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  • US Dollar, Japanese Yen Down Ahead of US Non-Farm Payroll (NFP) Report - What to Expect

  • Euro Gains as Manufacturing PMI Hits 9-Month High - ECB Expected to Leave Rates Unchanged on Thursday

  • British Pound Mixed as Data Suggests UK Contraction Not as Severe in Q2

  • Swiss Franc Gains as Swiss Manufacturing Output Jumps

US Dollar, Japanese Yen Down Ahead of US Non-Farm Payroll (NFP) Report - What to Expect

The US dollar and Japanese yen both ended Wednesday mostly lower as demand for riskier assets rose amidst some surprising US economic releases. ISM manufacturing was better than expected for the month of June, as the index rose to a 10-month high of 44.8 from 42.8. However, this also marks the seventeenth straight month in which the index held below 50, signaling a continuing contraction in business activity, as new orders fell negative once again. That said, there were some signs of improvement as production rose above 50 for the first time since August 2008, supplier deliveries rose above 50 for the first time since September 2008, employment jumped to 40.7 from 34.3, and new export orders rose to 49.5 from 48.0. In other US economic news, NAR existing pending home sales rose for the fourth straight month in May, but only by 0.1 percent, which doesn't serve as a very promising signal for the housing sector.

Meanwhile, the ADP employment change fell by 473K in June, compared to a revised drop of 485K in May. Also, Challenger Job Cuts fell 9 percent in June from a year earlier, marking the first decline since February 2008. These results suggest that Thursday's release of US non-farm payrolls (NFPs) should reflect fewer job losses for the month of June. However, a Bloomberg News poll of economists shows consensus forecasts for NFPs to post at -365K, compared to -345K in May. That said, the range of forecasts is large, with the high at -150K and the low at -500K.

Looking to other leading employment indicators for June, such as initial jobless claims, the employment component of ISM manufacturing, and consumer confidence, there's no clear bias for these upcoming results and ultimately, NFPs shouldn't move to sharply in either direction. It may be interesting to see how the unemployment rate fares, though, as it is expected to rise to 9.6 percent from 9.4 percent. A sharper than anticipated increase could spark risk averse selling of equities and FX carry trades, which tends to benefit the US dollar and Japanese yen. On the other hand, a neutral reading could help risky assets to break higher amidst optimism that the US economic downturn has indeed bottomed.

Related Article: US Dollar Weekly Trading Forecast

Euro Gains as Manufacturing PMI Hits 9-Month High - ECB Expected to Leave Rates Unchanged on Thursday

The euro was one of the strongest currencies of the day after Markit Economics said that the final reading of their Euro-zone manufacturing purchasing managers' index (PMI) rose to a 9-month high of 42.6 in June from 40.7 in May. However, even with the increase, the fact that PMI failed to rise above 50 indicates that activity was still slowing for the thirteenth straight month. Nevertheless, a Bloomberg News poll of economists shows that the ECB will most likely leave rates unchanged at 1.00 percent on Thursday at 7:45 ET.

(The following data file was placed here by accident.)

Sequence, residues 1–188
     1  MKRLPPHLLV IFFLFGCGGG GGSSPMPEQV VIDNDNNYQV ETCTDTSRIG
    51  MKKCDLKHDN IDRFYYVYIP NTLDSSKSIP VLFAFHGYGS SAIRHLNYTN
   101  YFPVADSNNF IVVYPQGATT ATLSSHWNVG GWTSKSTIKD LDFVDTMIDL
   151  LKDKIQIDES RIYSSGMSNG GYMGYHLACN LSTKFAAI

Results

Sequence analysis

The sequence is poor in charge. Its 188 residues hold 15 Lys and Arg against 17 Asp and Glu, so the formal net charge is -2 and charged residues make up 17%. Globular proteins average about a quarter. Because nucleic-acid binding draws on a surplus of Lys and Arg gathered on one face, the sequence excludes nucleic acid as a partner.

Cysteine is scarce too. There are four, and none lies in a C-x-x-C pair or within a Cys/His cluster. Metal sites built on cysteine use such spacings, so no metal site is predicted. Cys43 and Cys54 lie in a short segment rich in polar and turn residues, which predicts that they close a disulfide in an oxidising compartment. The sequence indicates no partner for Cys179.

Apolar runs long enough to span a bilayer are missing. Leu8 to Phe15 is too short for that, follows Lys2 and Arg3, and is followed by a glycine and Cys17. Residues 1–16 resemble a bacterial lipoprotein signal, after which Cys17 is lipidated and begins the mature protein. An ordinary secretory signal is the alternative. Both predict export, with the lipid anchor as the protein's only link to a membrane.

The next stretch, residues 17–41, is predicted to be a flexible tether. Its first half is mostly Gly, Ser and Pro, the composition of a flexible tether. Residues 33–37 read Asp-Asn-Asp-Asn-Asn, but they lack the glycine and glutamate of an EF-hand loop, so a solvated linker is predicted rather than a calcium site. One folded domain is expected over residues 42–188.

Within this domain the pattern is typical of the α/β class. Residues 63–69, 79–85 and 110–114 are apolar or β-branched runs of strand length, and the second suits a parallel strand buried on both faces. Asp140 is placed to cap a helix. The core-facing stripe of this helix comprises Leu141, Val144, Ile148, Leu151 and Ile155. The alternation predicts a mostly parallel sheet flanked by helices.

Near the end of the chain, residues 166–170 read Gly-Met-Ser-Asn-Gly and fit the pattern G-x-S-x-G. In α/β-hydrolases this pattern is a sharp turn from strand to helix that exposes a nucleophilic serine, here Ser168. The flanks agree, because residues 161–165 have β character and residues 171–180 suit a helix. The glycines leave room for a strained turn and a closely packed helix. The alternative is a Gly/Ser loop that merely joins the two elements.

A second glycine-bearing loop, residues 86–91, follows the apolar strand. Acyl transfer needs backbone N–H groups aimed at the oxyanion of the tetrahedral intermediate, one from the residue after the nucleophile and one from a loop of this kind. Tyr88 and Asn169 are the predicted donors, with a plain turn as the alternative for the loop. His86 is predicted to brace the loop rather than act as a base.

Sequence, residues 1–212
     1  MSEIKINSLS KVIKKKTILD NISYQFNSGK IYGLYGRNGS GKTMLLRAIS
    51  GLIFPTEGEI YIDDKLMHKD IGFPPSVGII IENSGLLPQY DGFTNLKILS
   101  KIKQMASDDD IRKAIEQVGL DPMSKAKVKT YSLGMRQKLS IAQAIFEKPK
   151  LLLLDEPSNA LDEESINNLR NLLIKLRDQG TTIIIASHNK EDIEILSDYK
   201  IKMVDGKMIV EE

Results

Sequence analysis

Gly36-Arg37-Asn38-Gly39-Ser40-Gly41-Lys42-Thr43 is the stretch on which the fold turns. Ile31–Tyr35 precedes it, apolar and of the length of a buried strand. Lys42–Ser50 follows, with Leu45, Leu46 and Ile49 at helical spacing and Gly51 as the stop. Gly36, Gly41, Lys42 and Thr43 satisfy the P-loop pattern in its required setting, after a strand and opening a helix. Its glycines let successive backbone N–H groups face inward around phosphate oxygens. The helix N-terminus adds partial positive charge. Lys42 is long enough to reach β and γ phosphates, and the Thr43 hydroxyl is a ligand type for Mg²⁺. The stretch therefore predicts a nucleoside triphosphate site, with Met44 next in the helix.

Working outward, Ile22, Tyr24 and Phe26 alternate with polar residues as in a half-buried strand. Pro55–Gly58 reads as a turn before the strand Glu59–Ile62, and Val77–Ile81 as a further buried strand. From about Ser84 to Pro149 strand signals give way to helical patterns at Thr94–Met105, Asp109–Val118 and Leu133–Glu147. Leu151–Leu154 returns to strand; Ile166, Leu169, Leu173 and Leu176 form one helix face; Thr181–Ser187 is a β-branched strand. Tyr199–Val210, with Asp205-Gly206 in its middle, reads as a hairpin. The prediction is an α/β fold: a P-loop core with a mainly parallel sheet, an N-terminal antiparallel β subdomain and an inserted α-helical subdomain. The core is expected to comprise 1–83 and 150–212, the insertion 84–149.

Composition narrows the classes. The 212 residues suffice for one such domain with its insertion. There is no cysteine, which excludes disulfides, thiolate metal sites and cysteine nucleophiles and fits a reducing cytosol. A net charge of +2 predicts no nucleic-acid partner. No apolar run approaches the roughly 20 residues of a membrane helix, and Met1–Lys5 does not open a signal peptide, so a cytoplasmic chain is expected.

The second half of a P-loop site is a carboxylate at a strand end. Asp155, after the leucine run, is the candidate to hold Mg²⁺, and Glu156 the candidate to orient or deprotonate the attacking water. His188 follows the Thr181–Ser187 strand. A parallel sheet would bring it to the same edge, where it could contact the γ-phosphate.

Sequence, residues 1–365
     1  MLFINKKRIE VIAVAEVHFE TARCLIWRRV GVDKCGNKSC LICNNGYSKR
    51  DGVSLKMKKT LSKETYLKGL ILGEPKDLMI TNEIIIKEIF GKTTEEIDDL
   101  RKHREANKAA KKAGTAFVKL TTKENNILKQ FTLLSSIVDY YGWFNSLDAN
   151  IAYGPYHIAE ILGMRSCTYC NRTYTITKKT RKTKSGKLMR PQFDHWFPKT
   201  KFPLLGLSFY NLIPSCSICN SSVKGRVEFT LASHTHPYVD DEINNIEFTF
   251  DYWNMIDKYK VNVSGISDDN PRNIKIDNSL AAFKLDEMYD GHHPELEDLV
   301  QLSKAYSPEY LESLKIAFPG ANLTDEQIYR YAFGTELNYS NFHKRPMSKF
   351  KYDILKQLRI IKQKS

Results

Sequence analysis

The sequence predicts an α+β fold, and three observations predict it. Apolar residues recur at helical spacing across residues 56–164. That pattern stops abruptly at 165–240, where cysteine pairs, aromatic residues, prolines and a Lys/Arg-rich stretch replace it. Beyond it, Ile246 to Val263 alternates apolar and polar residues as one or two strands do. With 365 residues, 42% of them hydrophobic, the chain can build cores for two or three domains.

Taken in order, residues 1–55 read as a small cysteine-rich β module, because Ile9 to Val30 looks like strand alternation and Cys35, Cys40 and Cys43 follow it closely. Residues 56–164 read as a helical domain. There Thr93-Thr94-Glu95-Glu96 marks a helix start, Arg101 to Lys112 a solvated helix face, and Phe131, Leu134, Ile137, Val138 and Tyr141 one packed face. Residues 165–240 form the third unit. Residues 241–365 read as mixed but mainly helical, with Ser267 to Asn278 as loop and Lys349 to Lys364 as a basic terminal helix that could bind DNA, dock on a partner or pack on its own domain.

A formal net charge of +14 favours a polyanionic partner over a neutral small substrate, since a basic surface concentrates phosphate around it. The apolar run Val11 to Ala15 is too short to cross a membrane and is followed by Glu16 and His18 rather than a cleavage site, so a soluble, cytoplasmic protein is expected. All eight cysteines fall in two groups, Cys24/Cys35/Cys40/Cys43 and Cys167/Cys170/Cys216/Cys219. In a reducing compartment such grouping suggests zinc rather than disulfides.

Where the currency ends the day, though, may have more to do with what ECB President Jean-Claude Trichet says during his post-meeting press conference at 08:30 ET. Many of the details of the ECB's 60 billion euro covered bond buying program haven't been revealed, including when they will buy them, which specific bonds they will buy and from whom they will buy them. Furthermore, any comments regarding the future of interest rates in the region, including whether 1 percent should be considered the floor, as well as changes to the economic outlook could have a heavy impact on euro trade.

Related Article: Euro Weekly Trading Forecast

British Pound Mixed as Data Suggests UK Contraction Not as Severe in Q2

The British pound rose versus the US dollar and Japanese yen, but fell against currencies like the Canadian dollar, Swiss franc, and euro a day after the Office for National Statistics revised their UK GDP readings down to -2.4 percent for the first three months of the year, matching the Q3 1979 low. Even worse, the year-over-year rate of GDP growth was revised all the way day to -4.9 percent, which is the lowest since recordkeeping began in 1956. The results leave GDP at the lower end of the Bank of England's past projections, and suggest that the central bank's forecasts were perhaps somewhat optimistic. However, the latest UK manufacturing PMI results from Markit Economics show that the contraction in the sector slowed for the fourth straight month, as the index remained below the neutral point of 50 but rose to 47.0 from 45.4. The data indicates that the recession is still taking its toll and GDP may remain quite negative in Q2, but may not be as bad as in Q1.

Related Article: British Pound Weekly Trading Forecast

Swiss Franc Gains as Swiss Manufacturing Output Jumps

The Swiss franc ended Wednesday up against most of the majors as SVME PMI rose for the fourth straight month in June to an 8-month high of 41.8 from 39.8. A breakdown of the report shows vast improvements in output, quantity of purchase, and purchase prices, but declines in employment. Also, this was the tenth straight month in which PMI held below 50, signaling a continued contraction in activity, albeit at a slower pace. Overall, a recovery in Switzerland still seems to be contingent upon recovery in the economy of the nation's biggest trade partner, the Euro-zone, as exports remain very weak.

Related Article: Swiss Franc Weekly Trading Forecast

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Written by: Terri Belkas, Currency Strategist for DailyFX.com
E-mail: tbelkas@dailyfx.com